On Valentine's day a couple of years ago I awoke to find a neighbour had left me a plastic red rose under my windscreen wiper on the car and a note scrawled in felt-tip pen saying 'It may be plastic but at least it will last forever' followed by 'call me' and his number.
Mortified (he was a nice guy but a) twice my age and b) my neighbour so this just felt creepy) I threw the note away* and tried my hardest to avoid all forms of contact with him. Not my most grown up response perhaps but about all I could muster at the time.
I'm not sure I've ever been swept off my feet on Valentine's to be honest. The mad scientist and I had a lovely time last year - though again not without incident. We'd agreed to have 'a quick beer' after work with some colleagues of mine. This had (perhaps inevitably) snowballed into 'a few beers' which in turn meant we had to push our dinner reservation out by an hour or so. All was merrily in hand however as we skipped home to get ready to go out for the evening.
Shaving my legs at this time was probably not the wisest of things. I did think that I'd nicked myself slightly when all the water running down the plughole turned red but bunged the pre-requisite bit of loo-roll onto my ankle and skipped off to my room. I carried on getting ready thinking little of it until 5 minutes later I had a panic-stricken boyfriend hammering on the door to check I wasn't hemorrhaging to death as apparently the bathroom looked like I'd had a nasty run in with Norman Bates.
I'm not sure I entirely pulled off my 'killer' outfit that evening, hobbling down the hill in heels I could barely walk in. It turns out the bloodied and bandaged ankle is not really compatible with the intended sensuality of sheer stockings, but still we had a lovely night, if more fun and funny than hollywood high romance...
Now the thing is I'm totally down with the cool kids and all the usual arguments against Valentine's day - it's a commercialised faux 'event' that has been hijacked by hallmark and the chocolate/champagne and flower companies. It's unnecessary - we don't need a 'day' to say 'I love you' (feel the thunderous shudder of all businesses engaged in extracting money from you for weddings at this statement). It causes undue stress and anxiety, accentuating loneliness and the stigmatism of being single or being in an unhappy relationship. It emphasises a homogenised version of what is socially acceptable - that we course through life a la Noah's Ark in male/female pairs, having sproglets and continuing the promulgation of the human race (to the eventual destruction of this beautiful blue planet....).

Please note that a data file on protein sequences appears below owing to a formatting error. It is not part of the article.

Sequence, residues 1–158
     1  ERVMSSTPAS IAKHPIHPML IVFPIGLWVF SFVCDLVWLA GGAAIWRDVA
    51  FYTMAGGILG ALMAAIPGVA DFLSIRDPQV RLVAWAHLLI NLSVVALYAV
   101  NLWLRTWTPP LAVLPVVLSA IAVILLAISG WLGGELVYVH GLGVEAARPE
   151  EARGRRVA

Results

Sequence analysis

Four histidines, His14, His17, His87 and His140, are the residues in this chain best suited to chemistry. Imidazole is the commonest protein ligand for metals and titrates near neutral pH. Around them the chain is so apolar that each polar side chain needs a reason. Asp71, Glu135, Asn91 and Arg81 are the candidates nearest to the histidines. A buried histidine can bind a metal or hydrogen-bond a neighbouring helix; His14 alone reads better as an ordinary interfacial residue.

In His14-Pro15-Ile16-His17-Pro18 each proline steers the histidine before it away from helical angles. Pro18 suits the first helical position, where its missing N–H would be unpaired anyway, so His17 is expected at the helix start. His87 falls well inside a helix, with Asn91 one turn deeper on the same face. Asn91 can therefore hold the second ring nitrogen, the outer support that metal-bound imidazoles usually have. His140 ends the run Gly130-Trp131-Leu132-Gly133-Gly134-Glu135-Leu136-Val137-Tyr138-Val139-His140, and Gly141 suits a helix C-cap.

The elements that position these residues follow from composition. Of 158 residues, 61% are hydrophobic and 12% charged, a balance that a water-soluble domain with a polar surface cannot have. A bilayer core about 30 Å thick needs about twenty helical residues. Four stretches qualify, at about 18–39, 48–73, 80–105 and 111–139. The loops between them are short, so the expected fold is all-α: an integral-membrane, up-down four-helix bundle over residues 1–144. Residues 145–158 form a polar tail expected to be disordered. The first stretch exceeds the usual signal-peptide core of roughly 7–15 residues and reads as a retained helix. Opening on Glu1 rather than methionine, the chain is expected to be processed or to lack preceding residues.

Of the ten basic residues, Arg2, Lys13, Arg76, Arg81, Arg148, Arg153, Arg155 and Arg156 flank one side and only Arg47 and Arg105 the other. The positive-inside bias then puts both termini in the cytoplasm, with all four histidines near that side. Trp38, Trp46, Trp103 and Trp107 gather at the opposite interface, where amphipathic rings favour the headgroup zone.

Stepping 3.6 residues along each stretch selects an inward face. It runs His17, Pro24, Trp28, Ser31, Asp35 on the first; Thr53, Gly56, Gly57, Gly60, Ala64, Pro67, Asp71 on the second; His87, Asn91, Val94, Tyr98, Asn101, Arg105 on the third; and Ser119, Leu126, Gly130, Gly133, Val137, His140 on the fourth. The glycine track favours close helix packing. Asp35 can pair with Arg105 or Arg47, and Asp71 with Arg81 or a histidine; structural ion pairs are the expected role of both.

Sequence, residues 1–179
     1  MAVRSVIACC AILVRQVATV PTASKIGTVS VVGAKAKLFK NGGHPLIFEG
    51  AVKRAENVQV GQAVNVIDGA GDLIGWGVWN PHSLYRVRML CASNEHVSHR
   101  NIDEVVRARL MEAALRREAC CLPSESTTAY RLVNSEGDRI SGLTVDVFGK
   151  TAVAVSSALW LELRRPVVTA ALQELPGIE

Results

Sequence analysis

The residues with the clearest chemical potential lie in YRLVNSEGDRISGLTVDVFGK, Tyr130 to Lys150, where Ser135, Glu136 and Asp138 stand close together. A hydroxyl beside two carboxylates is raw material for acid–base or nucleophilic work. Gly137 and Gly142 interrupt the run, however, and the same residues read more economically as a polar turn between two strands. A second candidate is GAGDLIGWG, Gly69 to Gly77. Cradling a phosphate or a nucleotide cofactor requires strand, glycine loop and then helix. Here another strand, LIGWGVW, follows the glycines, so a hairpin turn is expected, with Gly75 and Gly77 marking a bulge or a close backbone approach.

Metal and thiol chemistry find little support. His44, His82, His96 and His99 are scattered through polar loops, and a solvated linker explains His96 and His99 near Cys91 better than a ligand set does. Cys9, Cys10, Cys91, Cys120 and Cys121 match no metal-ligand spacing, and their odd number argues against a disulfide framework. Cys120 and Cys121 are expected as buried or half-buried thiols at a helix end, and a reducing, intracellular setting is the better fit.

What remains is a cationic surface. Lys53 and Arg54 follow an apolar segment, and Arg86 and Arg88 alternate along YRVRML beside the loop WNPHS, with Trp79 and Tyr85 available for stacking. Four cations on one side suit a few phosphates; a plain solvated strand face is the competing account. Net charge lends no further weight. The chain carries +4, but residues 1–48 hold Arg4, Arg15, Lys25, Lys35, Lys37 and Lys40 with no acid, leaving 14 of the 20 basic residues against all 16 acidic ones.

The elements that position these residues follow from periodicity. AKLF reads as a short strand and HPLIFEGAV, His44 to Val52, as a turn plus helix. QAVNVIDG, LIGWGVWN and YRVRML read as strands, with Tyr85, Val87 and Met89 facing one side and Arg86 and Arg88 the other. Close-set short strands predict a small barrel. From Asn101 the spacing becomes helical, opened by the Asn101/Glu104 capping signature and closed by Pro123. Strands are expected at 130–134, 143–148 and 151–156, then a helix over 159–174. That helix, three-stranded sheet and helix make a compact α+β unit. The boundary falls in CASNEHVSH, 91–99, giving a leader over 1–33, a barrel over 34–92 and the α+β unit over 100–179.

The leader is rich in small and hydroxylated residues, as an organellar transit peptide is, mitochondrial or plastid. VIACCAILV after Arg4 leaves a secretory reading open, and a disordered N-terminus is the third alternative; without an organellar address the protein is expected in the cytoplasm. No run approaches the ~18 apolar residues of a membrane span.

I hear ya. I'm all there. And yet. I stumbled across a Valentine's card that my dad wrote to my mum after more than 25 years of marriage. He had signed off "I never want to be without you, our never ending love affair, with all my love, your sweetheart...". Guess what? Yeah, all my cynicism melted. Pathetic huh?!
But I do think it's possible to skip or navigate the commercialism of Valentine's day. In my family we've long since had a tradition that Valentine's is about more than romantic love - it's perfectly normal for us to send cards or give each other flowers simply because it's nice to do something nice for each other. So why not tell your best friend you love them and write them a haiku to celebrate (being careful not to create your own Cameron Diaz-esque confused rom-com love triangle of course)? Or do something nice for yourself. Or take a bucket down to the Somerset levels and try to shift the flood....
My other advice is - avoid razors after consuming alcohol. For some reason they don't include that as a warning on the back of the packet.
(*I'll confess, I did regret throwing his number away when, a few weeks later, he and his son threw a 72 hour house party complete with poptastic anthems being played on repeat at high volume whilst I tried in vain to use the weekend as a quiet retreat from the madness of the working week.)